Archive for the ‘health professionals’ category

Advancing primary care in BC

June 12, 2011

Why is primary care so important?

“Primary care is the first point of contact a person has with the health system – the point where people receive care for most of their everyday health needs. Primary care is the first point of contact a person has with the health system – the point where people receive care for most of their everyday health needs. Primary care is typically provided by family physicians, and by nurses, dietitians, mental health professionals, pharmacists, therapists, and others” (What is primary care?)

Divisions of Family Practice

Under the auspices of the General Practice Service Committee, the Divisions of Family Practice was designed to both improve patient care and address family doctors’  influence on health care and professional satisfaction.  Family doctors in a community organize themselves into a non-profit to work towards common health care goals. They are able to receive funding towards their initiatives.

I learned about this initiative when I listened to a presentation made to seniors by the White Rock South Surrey Division.  One of the first of three to be established in BC, this division seeks to improve:

  • population health
  • the patient/provider experience
  • system sustainability

I was impressed that this division of 73 members has 3 staff members. Their programs promote enhanced hospital care, local citizens’ access to a family doctor (through the attachment initiative), recruitment of additional doctors to ease the shortage and continuing education programs for doctors.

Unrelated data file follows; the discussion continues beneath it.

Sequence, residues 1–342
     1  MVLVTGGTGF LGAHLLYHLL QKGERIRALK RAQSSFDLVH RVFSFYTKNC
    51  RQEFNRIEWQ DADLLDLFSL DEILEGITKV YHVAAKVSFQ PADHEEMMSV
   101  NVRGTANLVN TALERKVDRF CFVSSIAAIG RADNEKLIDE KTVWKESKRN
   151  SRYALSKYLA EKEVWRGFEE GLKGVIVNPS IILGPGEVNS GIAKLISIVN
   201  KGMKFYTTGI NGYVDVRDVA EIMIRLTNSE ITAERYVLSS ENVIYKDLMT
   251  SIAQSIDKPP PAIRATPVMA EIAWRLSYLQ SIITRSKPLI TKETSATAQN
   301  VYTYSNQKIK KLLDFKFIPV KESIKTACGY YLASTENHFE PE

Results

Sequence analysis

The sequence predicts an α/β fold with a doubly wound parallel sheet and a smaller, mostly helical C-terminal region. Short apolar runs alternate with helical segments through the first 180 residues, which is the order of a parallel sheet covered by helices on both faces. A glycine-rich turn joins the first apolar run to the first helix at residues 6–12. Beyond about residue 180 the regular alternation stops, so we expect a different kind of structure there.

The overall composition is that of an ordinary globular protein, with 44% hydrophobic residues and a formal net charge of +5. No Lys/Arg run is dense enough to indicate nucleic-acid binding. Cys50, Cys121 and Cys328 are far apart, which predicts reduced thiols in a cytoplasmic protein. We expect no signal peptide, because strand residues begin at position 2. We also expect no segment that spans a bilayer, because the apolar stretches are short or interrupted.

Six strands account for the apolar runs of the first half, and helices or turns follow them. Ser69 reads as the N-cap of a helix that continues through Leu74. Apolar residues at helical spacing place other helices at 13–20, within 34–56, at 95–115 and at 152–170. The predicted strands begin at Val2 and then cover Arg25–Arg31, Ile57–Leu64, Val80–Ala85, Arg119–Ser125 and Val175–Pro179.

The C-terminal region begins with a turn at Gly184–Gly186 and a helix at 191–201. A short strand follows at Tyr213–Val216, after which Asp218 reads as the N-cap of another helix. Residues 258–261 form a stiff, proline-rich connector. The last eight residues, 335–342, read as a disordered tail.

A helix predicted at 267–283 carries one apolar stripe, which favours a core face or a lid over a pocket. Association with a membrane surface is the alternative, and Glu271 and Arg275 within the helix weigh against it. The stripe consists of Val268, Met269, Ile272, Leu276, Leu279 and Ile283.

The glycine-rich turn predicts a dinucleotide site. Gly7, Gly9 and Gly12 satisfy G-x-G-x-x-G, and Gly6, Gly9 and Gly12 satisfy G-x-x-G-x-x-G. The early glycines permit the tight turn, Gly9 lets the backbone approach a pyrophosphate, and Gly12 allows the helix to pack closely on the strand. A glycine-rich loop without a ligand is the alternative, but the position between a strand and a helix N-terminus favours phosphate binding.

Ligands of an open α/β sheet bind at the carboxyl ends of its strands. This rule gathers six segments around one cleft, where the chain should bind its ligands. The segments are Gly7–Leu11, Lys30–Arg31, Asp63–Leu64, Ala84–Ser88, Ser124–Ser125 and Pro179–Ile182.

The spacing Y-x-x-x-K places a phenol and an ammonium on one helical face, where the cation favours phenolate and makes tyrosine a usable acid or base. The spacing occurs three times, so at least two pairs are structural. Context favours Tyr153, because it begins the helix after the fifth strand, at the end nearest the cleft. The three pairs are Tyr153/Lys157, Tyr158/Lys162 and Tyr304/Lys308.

Their key initiative is the Primary Care Access Clinic which supports unattached patients (lacking a family doctor) who require care upon discharge from Peace Arch Hospital. The clinic is staffed by a multidisciplinary team which includes nurse practitioners, mental health care staff and social workers and home health workers who can refer patients to needed services and monitor complex cases.

When I mentioned this interesting model to a pharmacist colleague, he had an interesting comment. He said that progressive practices will usually recognize the need to have nurse practioners, social workers…but for some reason, they don’t seem to see the need for a pharmacist. This is partly because pharmacists are often perceived as retail, business rather than clinical specialists. In addition, the physician-pharmacist interactions tend to be negative because pharmacists will usually only call physicians with bad news – that they made a mistake.